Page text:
Given the above research -- all of which is factually accurate and taken directly from company financials, research reports, press releases, or newsletter comments -- which company would you prefer to own? Do you think that you know the identity of either Company 1 or Company 2?

In fact, these two vignettes refer to the same company -- tobacco and wine purveyor UST (NYSE:UST). I went through the exercise of looking for the most positive information possible about this company, and then the most negative possible -- though I left plenty of additional details out in order to obscure its identity. All of these things that I describe are real components of UST's performance and existence. It has had a hard time attracting international business, and now rival Swedish Match (NASDAQ:SWMAY) has began testing Exalt -- a "spitless" snuff pouch -- in the U.S. nearly simultaneously with UST's offering of a similar product called Revel.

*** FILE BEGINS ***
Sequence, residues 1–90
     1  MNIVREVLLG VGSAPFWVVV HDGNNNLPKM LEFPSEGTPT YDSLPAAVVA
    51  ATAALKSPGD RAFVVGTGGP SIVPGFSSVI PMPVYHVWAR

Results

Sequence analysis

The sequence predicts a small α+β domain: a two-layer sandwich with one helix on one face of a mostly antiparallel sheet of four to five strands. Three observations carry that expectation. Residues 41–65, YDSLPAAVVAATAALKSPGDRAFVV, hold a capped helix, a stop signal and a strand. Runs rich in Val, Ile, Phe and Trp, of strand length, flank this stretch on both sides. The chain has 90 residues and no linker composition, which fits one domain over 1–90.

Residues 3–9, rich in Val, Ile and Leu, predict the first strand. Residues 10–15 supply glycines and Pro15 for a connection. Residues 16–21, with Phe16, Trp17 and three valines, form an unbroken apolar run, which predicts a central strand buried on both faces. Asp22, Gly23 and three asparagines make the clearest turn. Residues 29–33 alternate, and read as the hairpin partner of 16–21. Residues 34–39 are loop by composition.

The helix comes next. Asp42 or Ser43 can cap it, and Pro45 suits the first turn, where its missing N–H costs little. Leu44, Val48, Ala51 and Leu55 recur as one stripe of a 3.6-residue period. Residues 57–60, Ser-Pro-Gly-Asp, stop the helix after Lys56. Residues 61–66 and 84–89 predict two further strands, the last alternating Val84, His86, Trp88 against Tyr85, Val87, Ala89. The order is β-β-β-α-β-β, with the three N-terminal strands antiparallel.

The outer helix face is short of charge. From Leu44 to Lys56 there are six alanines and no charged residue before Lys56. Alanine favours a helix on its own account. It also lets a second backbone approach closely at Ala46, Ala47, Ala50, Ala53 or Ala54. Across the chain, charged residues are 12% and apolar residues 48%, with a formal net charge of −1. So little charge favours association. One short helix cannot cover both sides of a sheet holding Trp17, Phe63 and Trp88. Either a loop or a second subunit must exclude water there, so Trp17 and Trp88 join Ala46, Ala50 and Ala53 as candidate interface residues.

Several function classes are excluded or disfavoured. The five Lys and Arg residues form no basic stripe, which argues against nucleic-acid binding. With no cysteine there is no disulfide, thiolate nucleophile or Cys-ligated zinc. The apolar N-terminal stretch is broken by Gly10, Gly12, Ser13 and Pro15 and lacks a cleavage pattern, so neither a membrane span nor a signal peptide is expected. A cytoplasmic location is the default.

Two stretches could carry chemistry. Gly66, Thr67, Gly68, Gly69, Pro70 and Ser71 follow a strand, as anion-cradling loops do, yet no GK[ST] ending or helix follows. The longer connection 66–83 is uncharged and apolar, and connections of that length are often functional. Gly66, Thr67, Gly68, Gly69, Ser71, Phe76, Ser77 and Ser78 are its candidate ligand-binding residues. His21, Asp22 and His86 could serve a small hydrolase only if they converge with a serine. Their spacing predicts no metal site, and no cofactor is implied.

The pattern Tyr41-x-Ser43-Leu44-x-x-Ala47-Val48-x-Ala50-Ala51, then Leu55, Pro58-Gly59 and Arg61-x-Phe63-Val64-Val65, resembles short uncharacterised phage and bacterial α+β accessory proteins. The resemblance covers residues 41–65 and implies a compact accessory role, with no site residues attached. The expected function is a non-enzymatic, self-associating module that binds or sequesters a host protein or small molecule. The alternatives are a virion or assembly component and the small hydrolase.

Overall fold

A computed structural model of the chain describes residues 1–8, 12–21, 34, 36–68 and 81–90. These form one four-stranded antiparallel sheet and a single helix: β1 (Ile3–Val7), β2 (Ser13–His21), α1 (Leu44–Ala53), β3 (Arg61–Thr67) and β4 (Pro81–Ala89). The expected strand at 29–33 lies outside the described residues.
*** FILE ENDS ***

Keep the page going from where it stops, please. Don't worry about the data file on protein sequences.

UST certainly showed negative earnings in 2002, and it does have a shareholder's deficit, both caused when the company had to stroke a $1.3 billion check to Conwood after losing an antitrust suit. Management has recently increased its dividend payment and restarted share repurchases, so it feels that its business is strong enough that the temporary setback in its asset and equity accounts are not of deep concern.

What you get when you count on others
If you're going to refer to other people's research to inform your investing opinions (and you should -- there are great resources out there), you still have to take responsibility for your ultimate opinion and decision. As the above exercise shows, you can take the exact same situation and come up with analyses that appear vastly different. What is true of the above analyses is that neither was complete. Company 1 completely ignored the competitive risks and financial hardships it has faced of late, and Company 2 avoids even mentioning the nearly unbelievable economics of its core business, its dividend, its share buybacks, and the strength of its brands.